It’s peak Monday blues. Many of us are back to business after the yearend holidays. And it doesn’t help that recession is looming large.
The first working day of the year comes with a warning from the International Monetary Fund (IMF) chief. Kristalina Georgiev has said that a third of the global economy will be in recession in 2023. This year will be “tougher” than the last as the United States, European Union and China will see their economies slowing.
This comes amid the war in Ukraine, inflation, high-interest rates, and the COVID-19 surge in China, reports BBC.
“Even countries that are not in recession, it would feel like recession for hundreds of millions of people,” Georgiev told the CBS news programme Face the Nation.
Feel like a recession? Does this mean pay cuts and layoffs? And how will this change the remote work culture that was ushered in by the pandemic?
While remote work has become the norm with many companies making it or at least hybrid work part of the policy, top executives the world over remain divided over it. There’s a school of thought that believes that flexibility makes employees happier but others think that coming to an office is essential for building work culture. Many companies are awaiting an opportunity for a full-time return.
According to a report in Bloomberg, if the job market in the US weakens, companies might rethink letting employees work remotely. There will be a power shift back to the employer. But will companies use it to cut down on perks and policies which became popular during the pandemic?
There’s a lot at stake. According to Gallup, more than 70 million workers in the US can work remotely. It predicts that 75 per cent of those who work from home will be hybrid or fully remote in the long run, reports Bloomberg.
The trends toward the end of 2022
New York state government data shows that the return of white-collar workers to office had reached about 67 per cent of pre-pandemic levels. The use of the subway increased in the wealthier and business districts. However, subway use over the weekends reached close to pre-pandemic levels, reports Reuters. In London, too, tube journeys had reached over 80 per cent of pre-pandemic levels, a separate data pointed out.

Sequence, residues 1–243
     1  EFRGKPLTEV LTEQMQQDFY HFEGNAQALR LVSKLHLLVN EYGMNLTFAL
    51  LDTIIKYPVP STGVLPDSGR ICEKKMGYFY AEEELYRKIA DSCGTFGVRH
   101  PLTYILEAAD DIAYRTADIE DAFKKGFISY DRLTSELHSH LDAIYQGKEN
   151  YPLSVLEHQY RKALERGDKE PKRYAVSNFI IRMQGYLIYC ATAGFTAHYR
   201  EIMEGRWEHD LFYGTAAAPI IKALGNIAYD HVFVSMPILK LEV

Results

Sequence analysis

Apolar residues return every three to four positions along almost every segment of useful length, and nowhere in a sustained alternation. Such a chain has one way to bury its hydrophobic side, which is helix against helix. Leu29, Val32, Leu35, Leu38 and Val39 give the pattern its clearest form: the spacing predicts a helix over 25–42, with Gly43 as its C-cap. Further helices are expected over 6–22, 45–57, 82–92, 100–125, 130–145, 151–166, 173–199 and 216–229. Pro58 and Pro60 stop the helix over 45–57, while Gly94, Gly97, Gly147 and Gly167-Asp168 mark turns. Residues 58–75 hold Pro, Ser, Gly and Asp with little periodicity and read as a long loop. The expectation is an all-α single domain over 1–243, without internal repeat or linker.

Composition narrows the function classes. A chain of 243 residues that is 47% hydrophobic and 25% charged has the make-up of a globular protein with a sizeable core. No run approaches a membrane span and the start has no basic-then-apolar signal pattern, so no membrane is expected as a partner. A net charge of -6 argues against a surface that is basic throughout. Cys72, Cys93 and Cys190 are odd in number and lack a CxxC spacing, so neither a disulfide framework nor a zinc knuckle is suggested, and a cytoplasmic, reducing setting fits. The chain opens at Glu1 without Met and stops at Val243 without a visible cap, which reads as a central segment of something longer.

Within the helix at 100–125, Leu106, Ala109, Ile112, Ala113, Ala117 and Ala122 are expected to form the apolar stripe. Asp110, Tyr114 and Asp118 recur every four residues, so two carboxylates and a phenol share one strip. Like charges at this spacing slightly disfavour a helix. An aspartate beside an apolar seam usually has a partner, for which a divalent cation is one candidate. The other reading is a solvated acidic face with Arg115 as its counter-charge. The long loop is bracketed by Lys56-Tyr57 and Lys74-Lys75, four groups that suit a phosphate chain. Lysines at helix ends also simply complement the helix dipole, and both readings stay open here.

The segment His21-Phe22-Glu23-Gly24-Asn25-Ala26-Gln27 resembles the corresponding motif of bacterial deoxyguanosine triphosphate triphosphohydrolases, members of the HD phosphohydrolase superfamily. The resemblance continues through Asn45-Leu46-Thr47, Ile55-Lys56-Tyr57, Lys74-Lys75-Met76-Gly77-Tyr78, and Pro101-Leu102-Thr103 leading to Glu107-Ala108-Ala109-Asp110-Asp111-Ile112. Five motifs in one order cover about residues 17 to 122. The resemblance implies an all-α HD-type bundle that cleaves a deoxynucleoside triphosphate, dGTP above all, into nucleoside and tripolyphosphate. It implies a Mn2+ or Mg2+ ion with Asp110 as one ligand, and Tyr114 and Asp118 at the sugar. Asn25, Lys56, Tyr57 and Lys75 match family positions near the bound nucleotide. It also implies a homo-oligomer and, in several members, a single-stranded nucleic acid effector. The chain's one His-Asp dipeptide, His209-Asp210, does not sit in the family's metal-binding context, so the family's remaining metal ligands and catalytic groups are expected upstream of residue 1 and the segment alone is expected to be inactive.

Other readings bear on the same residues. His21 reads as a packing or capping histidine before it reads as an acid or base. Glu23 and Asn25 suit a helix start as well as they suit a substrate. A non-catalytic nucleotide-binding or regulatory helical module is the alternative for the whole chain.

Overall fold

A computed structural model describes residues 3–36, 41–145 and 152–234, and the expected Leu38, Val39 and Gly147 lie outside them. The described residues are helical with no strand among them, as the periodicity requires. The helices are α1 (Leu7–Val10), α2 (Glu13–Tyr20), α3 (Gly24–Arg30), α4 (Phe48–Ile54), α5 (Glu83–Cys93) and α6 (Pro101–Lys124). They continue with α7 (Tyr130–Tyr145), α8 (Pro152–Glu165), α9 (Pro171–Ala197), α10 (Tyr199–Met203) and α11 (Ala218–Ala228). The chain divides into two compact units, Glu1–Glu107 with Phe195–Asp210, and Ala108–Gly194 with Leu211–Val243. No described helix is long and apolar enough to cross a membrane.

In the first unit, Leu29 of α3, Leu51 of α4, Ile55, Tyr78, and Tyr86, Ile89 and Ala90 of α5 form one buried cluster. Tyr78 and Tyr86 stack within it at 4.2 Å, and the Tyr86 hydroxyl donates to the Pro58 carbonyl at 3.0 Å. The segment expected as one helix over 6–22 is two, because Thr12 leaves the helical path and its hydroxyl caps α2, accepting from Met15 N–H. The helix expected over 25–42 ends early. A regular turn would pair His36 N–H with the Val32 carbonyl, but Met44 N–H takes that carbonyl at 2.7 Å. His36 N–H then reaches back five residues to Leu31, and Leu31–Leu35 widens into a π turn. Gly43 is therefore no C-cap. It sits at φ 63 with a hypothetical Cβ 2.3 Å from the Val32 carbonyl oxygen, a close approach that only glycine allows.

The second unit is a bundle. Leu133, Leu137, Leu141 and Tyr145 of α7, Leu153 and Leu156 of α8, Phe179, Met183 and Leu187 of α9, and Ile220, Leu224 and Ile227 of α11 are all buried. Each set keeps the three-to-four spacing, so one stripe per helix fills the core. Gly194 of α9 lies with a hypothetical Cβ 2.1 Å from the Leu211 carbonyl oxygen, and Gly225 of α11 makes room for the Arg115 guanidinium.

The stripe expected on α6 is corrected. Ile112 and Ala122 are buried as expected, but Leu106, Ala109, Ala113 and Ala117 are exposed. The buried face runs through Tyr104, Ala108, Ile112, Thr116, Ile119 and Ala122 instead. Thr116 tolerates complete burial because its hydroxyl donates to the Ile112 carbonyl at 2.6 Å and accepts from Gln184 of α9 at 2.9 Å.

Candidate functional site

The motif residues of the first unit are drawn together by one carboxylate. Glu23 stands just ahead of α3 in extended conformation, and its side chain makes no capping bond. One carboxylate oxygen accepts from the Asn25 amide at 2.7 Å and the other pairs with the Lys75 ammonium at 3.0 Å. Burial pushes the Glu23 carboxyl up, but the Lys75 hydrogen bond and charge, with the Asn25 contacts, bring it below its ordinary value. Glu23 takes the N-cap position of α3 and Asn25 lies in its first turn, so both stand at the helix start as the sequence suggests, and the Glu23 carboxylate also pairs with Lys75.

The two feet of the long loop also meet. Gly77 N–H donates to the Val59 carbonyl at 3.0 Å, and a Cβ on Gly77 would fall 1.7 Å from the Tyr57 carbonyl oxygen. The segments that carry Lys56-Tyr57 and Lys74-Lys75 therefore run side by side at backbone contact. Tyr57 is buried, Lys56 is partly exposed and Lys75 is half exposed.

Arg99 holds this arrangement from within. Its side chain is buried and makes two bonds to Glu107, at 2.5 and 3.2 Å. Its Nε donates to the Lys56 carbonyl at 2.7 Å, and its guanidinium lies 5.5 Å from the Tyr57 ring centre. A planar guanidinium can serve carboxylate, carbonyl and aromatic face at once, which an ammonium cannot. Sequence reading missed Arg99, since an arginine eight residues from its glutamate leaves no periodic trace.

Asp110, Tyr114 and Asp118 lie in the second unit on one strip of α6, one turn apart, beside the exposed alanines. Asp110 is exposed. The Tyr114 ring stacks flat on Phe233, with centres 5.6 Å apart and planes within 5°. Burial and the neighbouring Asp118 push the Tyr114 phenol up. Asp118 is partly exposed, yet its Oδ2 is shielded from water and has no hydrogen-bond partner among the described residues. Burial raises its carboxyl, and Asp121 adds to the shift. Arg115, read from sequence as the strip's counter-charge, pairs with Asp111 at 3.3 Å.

With many companies opting for flexible work, real estate was seeing shorter leases across the world, a JP Morgan Chase report from September said. In the US, Manhattan, where a majority of offices were lost businesses. There was a shift to boroughs like Queens and Brooklyn, where people lived, according to Reuters.
Several policies then were more in favour of employees. But will recession change that?
A power shift to employers?
White-collar workers are putting in the hard work. A report by Microsoft in September said that the number of meetings every week increased 153 per cent for average Team users globally since the start of the pandemic. But 85 per cent of leaders felt that employees were not being productive in a hybrid model.
The shortage of labour gave workers the upper hand. But the recession is likely to bring in some changes, feel some experts. “It’s not going to be so easy to give up your job,” Kathryn Wylde, chief executive of the Partnership for New York City, told Reuters. “That will probably mean that people are less resistant to the requirement they are back in the office at least three days a week which is where it feels like it is headed.”
In the UK, the economy continues to struggle amid global inflation. Stephen Fear, the founder of the Fear Group, international property developers and investors, wrote in Business Live, “Avoid working from home to protect your job as recession looms.” He said that this could make employees redundant as hiring overseas labour would be an obvious option for firms in the UK.
Is hybrid work the future?
The Bloomberg report says that remote work will not go as it is essential for retention.
A study published by researchers at Stanford University, the University of Chicago and the Instituto Tecnológico Autónomo de México said that hybrid work not only boosted satisfaction and productivity but also reduced attrition by 35 per cent.
Prithwiraj Choudhury, an associate professor at Harvard Business School, told Bloomberg top performers have options in any economic environment. He said that the recession could favour the remote work trend as it can help companies save on office space and other costs.
Remote work policies also allow firms to hire from places where the cost of living is lower. Employees who were allowed to work remotely are willing to take a pay cut for greater flexibility and lower cost of commuting, Bloomberg reports.
Doing an “about-face” often damages the reputation of companies as is seen in the case of Twitter after Elon Musk’s takeover. After he ended remote work, so many employees opted for severance forcing him to soften his stance, the report says.
Taking maximum advantage of leverage in this way isn’t a good long-term strategy, Ben Granger, chief workplace psychologist at Qualtrics told the publication.
A May 2022 report from India by WorkInSync, a SaaS company, said that 54 per cent employees were considering quitting if they were not given the flexibility of a hybrid work environment. “The hybrid model of work has completely transformed the way of working. This pandemic-induced change allows for greater flexibility and is a modern way of working,” Prashant Deshpande, corporate head-HR, Borosil Group told Forbes India.
With inputs from agencies
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